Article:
Written by Roy Houston
Directed by Phillip Jordan Brooks
Short films are best when they strive to be the cinematic equivalent of a short story, rather than simply show reels for a filmmaker’s resume; striving for the former makes the latter axiomatic. Flashy camera angles, graphic violence, hyperactive editing… unless it serves the story, it’s just noise which screams about the filmmakers’ insecurities rather than speaking to their strengths. And let me tell you, Nobody But Her flexes a lot of damn muscle.
Well written, confidently directed, this vignette plays far more like an abbreviated “Alfred Hitchcock Presents” or “Hitchhiker” episode than your standard short film.
Written by Roy Houston and directed by Phillip Jordan Brooks (who has worked as an assistant on several genre films including Hatchet II and the I Spit on Your Grave redux), the film opens with an elderly woman in the throes of cardiac arrest on her living room floor. As she frantically presses her Medic Alert button, her eyes are fixed on the legs of a small child who sits not far off and is making no attempts to assist her.
When authorities finally arrive on the scene, they find the woman deceased and discover she was the sole caretaker of an eight-year-old granddaughter named Greta (Leah Catherine Thompson). Greta is stoic, in shock, and of little help in answering the investigators’ questions. Why didn’t she try to help her grandmother? Why didn’t she try to call 911? And where did she get those scratches on her face?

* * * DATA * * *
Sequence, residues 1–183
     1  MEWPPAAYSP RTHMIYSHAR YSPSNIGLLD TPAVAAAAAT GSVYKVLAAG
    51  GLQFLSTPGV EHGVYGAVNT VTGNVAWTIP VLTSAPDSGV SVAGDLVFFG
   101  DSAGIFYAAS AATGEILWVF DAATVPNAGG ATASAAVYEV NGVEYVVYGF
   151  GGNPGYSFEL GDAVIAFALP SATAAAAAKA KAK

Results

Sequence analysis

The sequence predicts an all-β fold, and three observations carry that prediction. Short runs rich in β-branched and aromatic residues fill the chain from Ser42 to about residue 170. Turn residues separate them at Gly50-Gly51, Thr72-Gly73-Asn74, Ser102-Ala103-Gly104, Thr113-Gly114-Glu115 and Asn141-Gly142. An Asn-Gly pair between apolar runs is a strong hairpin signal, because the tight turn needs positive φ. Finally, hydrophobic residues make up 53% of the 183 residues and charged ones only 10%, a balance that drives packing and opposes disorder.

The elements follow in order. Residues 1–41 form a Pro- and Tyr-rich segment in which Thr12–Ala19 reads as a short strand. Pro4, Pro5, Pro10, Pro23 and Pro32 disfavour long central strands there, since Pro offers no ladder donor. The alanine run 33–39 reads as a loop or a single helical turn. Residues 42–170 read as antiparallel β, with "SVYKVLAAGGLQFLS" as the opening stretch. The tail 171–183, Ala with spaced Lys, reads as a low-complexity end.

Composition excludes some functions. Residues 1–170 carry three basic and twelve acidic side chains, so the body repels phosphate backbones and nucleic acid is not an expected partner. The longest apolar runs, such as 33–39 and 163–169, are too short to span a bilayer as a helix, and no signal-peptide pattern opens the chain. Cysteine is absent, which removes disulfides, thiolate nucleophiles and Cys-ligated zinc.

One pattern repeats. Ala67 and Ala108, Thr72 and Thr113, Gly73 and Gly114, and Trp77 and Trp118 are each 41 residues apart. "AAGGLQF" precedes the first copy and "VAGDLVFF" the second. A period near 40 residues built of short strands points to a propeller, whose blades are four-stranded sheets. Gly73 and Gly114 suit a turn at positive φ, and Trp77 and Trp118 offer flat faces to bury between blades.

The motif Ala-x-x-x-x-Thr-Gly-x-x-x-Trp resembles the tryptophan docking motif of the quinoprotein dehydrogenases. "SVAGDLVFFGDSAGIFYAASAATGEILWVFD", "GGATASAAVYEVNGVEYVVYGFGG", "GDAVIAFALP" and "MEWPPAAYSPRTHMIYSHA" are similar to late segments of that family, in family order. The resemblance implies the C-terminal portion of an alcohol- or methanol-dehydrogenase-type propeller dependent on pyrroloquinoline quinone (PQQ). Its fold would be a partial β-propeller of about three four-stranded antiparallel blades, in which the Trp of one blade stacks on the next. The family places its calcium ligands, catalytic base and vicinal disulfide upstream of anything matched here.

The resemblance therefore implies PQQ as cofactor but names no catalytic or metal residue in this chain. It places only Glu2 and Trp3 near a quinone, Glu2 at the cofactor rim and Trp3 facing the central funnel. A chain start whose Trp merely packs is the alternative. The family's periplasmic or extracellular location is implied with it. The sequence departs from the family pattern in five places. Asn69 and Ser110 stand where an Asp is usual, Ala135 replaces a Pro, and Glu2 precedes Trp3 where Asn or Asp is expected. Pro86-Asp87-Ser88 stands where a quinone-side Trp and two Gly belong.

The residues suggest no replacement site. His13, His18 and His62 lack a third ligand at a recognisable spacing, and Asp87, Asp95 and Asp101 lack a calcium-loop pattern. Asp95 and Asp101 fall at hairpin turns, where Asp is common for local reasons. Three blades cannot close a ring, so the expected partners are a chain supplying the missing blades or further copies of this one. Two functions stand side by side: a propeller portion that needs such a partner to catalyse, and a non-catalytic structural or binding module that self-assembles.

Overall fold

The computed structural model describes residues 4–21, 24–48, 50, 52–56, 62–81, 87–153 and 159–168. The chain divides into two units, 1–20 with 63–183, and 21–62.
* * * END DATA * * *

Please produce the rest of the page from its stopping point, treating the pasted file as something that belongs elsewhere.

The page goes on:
As Greta slowly begins to open up, she relays a dark account of what life was like with grandma; she wasn’t exactly the cookie baking type, was downright abusive and may have actually been homicidal. As the investigators listen to her tale and collect evidence, it becomes clear all is not as it seems, ultimately leading to a reveal that’s well worth waiting for.
Roy Houston’s script attacks the short form with all the same craft and technique as one would a feature film; it’s well plotted, well structured. and wisely takes the traditional Setup, Conflict and Resolution paradigm and concentrates it into something just as impactful. Every minute of screen time is well used, creates mood and propels the story forward quite effectively.
Phillip Jordan Brooks shows a steady confident hand as director and avoids the self-indulgence that often plagues amateur efforts. He and cinematographer Chris Lyon clearly know how to tell a story visually and maximize what’s available to them.
Performances are solid across the board, but a big time shout out goes to Leah Catherine Thompson as Greta. This film lives or dies on her acting chops, and she delivers the goods in spades.
Nobody But Her is an inspired work and a wonderful example of how a short film should be made. Strong concept, strong script, strong execution =
5 out of 5